The BMI calculation is problematic for these groups. Why?
Athletes and sportspeople in general tend to have a higher level of muscle compared to fat. Plus muscle is denser than fat and takes up more room. So, if you are building muscle but losing fat then you will probably notice that your weight has increased but you look toned and leaner than usual.
These people often follow a prescribed diet and training regime which is based on a higher calorie intake than for normal people. This is particularly noticeable for weightlifters and bodybuilders who are trying to gain lean muscle mass.
A BMI calculation for an athlete or a bodybuilder will reflect an increase in weight by pushing them into the ‘overweight’ or ‘obese’ category – even though they are fit and healthy.
To learn more visit our section on Sports Nutrition.
The BMI calculation can be applied to children and teenagers, but with one difference: a child’s BMI must be plotted against an ‘age growth’ chart. In other words, the age and sex of the child will be used to obtain a ‘percentile ranking’ so that you can see how your child’s BMI compares against other children of a similar age and sex.
For example, if your child has a ‘BMI for age’ percentile of 55% then his/her weight is greater than 55% of children of the same age and gender.
A ‘percentile’ is a measurement used to determine a child’s size and growth patterns.
It’s a good idea to carry out this measurement on a regular basis to track your child’s growth patterns and weight.
One thing to bear in mind is that children grow at different rates so use this BMI figure as a guide only. So if you think that your child is overweight or obese, consult your GP.
With the elderly, a BMI of 25 to 27 is preferred rather than under 25 as this can help to protect against osteoporosis. Elderly people tend to be frailer and especially prone to thinning of the bones, so an extra layer of fat might help.
There is also the fact that many elderly people tend to have smaller appetites and feel full with less food than younger people. They often choose to ‘graze’ or pick at food rather than enjoying three meals a day. And if an elderly person lives alone then they may find that they can’t be bothered to cook for themselves.
The problem with this is that their immune system will be low due to a lack of essential vitamins and minerals which increases their risk of illness. If anything they require more nutrients than most other times in their lives because the body is less efficient at absorbing these nutrients.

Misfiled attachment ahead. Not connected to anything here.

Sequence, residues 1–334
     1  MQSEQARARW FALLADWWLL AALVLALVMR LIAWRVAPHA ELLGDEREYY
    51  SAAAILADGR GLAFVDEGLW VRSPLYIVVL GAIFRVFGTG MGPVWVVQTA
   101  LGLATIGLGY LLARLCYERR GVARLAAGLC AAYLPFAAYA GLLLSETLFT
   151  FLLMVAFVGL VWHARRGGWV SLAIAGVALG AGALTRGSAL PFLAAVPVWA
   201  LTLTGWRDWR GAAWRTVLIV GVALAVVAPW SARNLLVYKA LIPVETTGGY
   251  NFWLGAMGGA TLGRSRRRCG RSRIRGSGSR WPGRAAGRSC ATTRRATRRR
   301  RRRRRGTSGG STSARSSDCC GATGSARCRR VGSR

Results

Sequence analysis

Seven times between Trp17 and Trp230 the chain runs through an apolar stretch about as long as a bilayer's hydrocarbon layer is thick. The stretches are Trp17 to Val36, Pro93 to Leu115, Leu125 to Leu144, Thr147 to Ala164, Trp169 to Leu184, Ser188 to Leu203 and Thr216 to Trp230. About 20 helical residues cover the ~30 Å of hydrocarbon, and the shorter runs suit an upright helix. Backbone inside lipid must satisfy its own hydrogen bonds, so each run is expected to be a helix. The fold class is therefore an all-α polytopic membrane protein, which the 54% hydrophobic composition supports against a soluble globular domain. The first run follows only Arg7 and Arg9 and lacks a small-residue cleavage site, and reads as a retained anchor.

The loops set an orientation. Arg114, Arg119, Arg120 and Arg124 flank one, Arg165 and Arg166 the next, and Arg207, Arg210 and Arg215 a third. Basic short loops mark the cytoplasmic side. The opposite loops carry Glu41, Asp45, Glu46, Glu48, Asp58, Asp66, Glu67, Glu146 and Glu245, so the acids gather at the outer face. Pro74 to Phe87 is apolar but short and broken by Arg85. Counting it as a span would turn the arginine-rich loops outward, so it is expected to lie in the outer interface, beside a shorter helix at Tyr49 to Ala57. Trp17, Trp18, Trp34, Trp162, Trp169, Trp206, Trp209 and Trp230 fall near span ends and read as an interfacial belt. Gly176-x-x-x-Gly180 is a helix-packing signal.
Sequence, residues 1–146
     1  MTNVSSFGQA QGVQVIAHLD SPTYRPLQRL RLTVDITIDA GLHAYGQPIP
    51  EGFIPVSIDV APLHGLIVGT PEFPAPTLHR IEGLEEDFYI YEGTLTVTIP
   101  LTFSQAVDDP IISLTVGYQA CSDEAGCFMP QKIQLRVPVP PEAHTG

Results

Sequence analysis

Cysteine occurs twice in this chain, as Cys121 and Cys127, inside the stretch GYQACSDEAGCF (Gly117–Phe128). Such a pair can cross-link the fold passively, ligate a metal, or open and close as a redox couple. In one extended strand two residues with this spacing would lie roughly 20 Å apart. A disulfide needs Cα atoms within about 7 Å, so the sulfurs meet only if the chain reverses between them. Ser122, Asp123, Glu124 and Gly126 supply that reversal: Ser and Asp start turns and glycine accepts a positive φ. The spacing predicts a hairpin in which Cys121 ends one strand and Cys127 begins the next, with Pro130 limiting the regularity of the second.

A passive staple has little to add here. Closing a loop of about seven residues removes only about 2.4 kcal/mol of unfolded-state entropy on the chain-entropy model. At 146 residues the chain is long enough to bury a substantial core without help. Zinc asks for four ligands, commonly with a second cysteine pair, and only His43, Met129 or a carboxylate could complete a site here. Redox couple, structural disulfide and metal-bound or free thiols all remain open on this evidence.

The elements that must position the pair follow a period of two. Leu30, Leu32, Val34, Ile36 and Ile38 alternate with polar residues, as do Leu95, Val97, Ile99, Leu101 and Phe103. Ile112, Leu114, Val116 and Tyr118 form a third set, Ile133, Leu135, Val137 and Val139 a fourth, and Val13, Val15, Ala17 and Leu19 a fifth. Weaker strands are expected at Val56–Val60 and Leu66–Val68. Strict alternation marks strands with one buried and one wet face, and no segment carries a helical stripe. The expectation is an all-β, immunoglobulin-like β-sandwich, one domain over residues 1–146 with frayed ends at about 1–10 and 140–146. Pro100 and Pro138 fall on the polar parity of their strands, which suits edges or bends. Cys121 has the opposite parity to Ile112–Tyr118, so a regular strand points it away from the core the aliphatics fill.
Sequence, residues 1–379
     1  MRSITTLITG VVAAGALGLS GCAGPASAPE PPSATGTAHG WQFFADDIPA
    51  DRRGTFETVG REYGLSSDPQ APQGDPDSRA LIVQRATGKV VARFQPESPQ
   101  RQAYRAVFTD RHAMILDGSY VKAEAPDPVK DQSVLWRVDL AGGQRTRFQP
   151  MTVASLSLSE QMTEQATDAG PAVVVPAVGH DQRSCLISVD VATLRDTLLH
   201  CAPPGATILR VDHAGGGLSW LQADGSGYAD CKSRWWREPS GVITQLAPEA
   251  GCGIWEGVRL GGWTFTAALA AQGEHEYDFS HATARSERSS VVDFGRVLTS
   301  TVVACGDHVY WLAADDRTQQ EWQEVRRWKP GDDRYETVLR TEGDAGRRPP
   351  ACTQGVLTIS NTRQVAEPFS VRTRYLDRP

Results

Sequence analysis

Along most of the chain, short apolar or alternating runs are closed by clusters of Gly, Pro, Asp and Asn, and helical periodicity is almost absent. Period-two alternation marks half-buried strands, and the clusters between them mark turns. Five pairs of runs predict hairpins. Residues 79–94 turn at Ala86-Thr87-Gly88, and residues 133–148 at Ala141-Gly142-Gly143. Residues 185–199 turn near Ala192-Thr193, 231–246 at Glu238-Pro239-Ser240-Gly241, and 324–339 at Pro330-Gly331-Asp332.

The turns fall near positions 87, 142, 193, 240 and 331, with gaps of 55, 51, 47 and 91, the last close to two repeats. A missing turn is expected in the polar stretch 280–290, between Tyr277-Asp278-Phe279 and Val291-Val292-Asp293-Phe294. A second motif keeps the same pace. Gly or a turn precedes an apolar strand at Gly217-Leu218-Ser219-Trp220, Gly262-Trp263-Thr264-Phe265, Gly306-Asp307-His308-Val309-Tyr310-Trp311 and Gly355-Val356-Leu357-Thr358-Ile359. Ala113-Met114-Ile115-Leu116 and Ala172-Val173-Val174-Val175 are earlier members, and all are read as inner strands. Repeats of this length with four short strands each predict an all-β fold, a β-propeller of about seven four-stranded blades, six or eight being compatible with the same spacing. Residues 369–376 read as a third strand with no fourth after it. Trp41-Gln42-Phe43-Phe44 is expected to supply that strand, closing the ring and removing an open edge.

So they need to be encouraged to eat especially if they show a BMI reading in the underweight category, good nourishing foods.
Nourishing foods are also important for pregnant women or those who are breastfeeding. A healthy, well balanced diet will ensure that both you and your baby get those essential nutrients. And what you eat can affect the development of your unborn baby and its future well being.
You can expect to put on weight during pregnancy but how much you do is governed by your calorie intake. You will eat more than usual and will also store an extra layer of fat for breastfeeding.
But, bear in mind that the more weight you gain the more there is to lose after the birth. And this extra weight can be very difficult to shift!
So how does this relate to your BMI?
Doctors and other health professionals recommend that your BMI be measured on your first antenatal appointment. He or she will need to know your height and current weight although you can have a go for yourself.
Try this (example):
- Multiply your height (in metres) by your height in metres again. For example, if you are 5 feet 5 inches then your height in metres is 1.7 metres. Use an online ‘feet to metres’ converter to do this calculation.
1.7 (metres) x 1.7 (metres) = 2.89
- Then work out your weight in kilograms. If you don’t know this then again, use an online ‘pounds to kilograms’ converter.
For example, if you weigh 120 pounds then this converts to 54 kilograms.
- Divide your weight in kilograms by your height in metres
54 (weight in kilograms) divided by 2.89 (height in metres) = 18.68
This measurement puts you in the healthy weight category.
If you don’t fancy doing the maths then use an online BMI calculator.
This measurement will be used by your midwife when discussing potential weight gain. He or she will advise you to stick to a daily food intake of around 2,500 calories and from healthy sources. So eat plenty of fresh fruit and vegetables, protein, carbohydrates and fats. It is okay to have a few treats but try and limit these as excess weight can be difficult to lose afterwards.
In respect of the BMI example above; if your BMI is 18.68 then try to ensure that weight gain is between 28 to 40 pounds maximum. Any more than that can put you at risk of developing high blood pressure, pre-eclampsia and gestational diabetes.
The answer is to watch what you eat and to take regular exercise. If you were exercising before your pregnancy then don’t feel that you have to stop altogether. You will find that your GP or midwife will recommend exercising but choose your activity carefully. Avoid anything which is likely to harm you and your baby.
Body Mass Index Guide Index:
- Other factors with Body Mass Index
- Alternatives to Body Mass Index
- Is Body Mass Index still important?